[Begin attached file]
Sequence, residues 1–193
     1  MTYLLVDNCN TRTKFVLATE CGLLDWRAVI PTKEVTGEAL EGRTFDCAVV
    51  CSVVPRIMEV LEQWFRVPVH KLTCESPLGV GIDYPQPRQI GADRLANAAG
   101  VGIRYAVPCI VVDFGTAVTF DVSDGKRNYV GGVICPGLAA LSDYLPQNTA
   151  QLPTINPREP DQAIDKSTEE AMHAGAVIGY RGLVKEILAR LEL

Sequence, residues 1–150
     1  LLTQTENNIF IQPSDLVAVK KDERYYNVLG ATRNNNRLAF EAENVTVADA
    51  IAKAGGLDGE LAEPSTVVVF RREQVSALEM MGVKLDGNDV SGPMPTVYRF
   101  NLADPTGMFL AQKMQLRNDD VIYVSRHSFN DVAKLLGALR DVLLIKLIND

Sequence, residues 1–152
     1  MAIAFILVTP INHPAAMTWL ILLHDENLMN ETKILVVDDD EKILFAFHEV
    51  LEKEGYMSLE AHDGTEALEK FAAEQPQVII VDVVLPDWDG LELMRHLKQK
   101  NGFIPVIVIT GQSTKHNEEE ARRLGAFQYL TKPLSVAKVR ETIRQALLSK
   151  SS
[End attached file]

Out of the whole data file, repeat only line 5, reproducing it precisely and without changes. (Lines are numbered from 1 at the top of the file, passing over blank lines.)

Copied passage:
   151  QLPTINPREP DQAIDKSTEE AMHAGAVIGY RGLVKEILAR LEL